Now it is time to discuss the Chevrolet Vega.
Herb Goldman, a financial adviser from Hollywood, Fla., remembers his 1974 Vega fondly.
"It had a four-speed transmission and a big, sporty stripe running the full length from hood to trunk," he writes. "I managed to drive it cross-country from New York to San Francisco -- I hit 95 on the Bonneville Salt Flats -- and I won't blame the car for me burning out the clutch on [the] hills."
"It was a lot of fun to drive," he writes, "until the three-year warranty ran out and it started falling apart around me."
Bill Hennelly, an editor at
, thinks the Vega was "true to its make ... The Vega actually had a nice design," he says. "You could tell it was a Chevy."
Allan Kautz, a physicist and engineer in Naperville, Ill., once owned a 1971 Vega, and writes that "when I tried to repair rust spots by removing the rusted areas, new rusted areas appeared. My conclusion was that the steel from which the car was made was rusted to begin with." Additionally, the engine's soft aluminum cylinders were not lined with metal and had problems -- another reader also mentioned this -- but Kautz's were fixed under warranty.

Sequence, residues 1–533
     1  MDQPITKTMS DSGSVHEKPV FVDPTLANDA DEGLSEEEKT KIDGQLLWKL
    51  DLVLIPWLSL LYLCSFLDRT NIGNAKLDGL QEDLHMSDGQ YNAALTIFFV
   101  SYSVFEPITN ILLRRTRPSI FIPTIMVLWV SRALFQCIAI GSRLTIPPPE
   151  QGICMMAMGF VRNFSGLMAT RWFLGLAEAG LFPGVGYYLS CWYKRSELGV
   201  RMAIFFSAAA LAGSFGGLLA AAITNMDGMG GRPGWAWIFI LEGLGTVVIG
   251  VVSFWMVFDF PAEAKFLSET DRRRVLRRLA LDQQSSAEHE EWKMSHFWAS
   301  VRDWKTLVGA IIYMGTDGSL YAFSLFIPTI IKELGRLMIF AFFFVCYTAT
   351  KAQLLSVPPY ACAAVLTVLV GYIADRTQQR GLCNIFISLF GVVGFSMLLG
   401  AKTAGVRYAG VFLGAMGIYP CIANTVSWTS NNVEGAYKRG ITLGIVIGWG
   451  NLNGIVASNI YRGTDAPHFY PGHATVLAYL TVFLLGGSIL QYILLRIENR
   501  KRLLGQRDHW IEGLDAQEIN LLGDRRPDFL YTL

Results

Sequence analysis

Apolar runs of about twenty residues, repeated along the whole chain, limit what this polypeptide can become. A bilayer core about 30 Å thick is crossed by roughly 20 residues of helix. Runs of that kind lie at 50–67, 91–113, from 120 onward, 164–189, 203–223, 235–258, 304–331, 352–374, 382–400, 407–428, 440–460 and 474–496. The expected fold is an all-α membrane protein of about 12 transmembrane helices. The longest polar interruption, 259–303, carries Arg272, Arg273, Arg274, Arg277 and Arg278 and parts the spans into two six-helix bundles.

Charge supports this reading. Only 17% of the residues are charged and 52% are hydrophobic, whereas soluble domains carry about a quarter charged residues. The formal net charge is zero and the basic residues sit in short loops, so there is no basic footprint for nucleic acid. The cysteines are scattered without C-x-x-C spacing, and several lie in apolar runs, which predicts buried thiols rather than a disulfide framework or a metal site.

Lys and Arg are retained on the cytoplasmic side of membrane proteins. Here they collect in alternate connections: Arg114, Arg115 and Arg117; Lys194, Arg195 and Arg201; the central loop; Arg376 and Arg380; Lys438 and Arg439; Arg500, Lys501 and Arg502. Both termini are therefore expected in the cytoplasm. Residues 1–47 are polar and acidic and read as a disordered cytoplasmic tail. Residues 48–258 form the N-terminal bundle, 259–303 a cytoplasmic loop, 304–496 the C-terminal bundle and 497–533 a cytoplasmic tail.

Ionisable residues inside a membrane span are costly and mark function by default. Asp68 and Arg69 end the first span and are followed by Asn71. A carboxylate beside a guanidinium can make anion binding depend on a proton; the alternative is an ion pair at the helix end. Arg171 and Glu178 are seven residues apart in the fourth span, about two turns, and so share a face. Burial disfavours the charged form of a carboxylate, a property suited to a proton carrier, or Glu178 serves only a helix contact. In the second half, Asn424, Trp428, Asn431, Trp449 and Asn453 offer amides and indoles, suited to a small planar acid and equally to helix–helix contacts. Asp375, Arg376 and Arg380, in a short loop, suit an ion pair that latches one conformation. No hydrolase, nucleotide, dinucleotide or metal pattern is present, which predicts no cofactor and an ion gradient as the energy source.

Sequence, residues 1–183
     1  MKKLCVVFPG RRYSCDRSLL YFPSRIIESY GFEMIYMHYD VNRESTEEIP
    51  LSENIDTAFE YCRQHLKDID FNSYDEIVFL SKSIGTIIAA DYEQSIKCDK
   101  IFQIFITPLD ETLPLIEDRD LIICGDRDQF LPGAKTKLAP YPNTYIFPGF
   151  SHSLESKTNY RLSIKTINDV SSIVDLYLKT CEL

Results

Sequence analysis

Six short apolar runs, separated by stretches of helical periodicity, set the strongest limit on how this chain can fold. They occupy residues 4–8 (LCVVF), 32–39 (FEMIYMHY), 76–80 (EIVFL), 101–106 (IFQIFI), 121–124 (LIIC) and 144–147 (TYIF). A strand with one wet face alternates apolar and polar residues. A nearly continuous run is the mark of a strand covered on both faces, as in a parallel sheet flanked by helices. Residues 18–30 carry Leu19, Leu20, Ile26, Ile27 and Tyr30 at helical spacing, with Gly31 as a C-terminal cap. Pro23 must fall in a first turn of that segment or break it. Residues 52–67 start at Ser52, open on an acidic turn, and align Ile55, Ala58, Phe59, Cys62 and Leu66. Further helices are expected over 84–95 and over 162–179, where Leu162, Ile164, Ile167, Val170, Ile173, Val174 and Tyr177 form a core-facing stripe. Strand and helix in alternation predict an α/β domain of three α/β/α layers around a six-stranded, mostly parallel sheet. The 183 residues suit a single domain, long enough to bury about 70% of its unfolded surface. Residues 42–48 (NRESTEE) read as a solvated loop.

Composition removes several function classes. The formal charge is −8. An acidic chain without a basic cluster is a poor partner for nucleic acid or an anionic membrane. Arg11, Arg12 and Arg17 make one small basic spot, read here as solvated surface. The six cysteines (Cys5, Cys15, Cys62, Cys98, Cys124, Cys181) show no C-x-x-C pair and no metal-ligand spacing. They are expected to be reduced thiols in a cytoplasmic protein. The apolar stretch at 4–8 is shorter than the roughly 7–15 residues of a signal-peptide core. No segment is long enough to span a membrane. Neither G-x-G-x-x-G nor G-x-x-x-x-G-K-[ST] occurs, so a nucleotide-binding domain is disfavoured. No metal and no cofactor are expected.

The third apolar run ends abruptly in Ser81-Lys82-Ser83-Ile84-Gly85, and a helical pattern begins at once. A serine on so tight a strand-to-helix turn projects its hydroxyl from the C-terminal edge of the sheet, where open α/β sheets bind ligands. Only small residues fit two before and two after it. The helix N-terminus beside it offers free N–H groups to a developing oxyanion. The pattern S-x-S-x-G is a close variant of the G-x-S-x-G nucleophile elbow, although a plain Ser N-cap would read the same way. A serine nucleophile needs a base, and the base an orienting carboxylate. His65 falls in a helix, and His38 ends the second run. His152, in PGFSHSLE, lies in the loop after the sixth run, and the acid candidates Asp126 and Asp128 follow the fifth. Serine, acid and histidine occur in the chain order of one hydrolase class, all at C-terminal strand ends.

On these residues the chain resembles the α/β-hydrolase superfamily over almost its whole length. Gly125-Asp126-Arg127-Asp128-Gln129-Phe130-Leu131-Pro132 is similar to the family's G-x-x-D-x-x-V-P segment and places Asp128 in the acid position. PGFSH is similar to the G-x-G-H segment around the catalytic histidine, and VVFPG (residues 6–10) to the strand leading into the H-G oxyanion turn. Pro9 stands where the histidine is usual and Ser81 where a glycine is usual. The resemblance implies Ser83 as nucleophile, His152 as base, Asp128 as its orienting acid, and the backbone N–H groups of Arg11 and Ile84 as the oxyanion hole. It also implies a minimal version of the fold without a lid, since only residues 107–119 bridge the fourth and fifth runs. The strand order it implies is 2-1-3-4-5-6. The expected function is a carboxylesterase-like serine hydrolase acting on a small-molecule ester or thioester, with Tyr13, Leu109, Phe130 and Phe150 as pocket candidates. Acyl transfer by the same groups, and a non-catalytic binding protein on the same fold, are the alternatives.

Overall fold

On the positive side, Kautz said, the Vega was well-designed from a do-it-yourself point of view. "It was very simple to work on, and I learned basic maintenance from this car," Kautz writes.
"It was pretty much a rust bucket when I traded it in on a
in 2002," he says. "The dealer gave me credit for a stereo radio." That's as funny as our joke about the Yugo -- worth as much as a set of wiper blades.
-- Written by Ted Reed in Charlotte, N.C.
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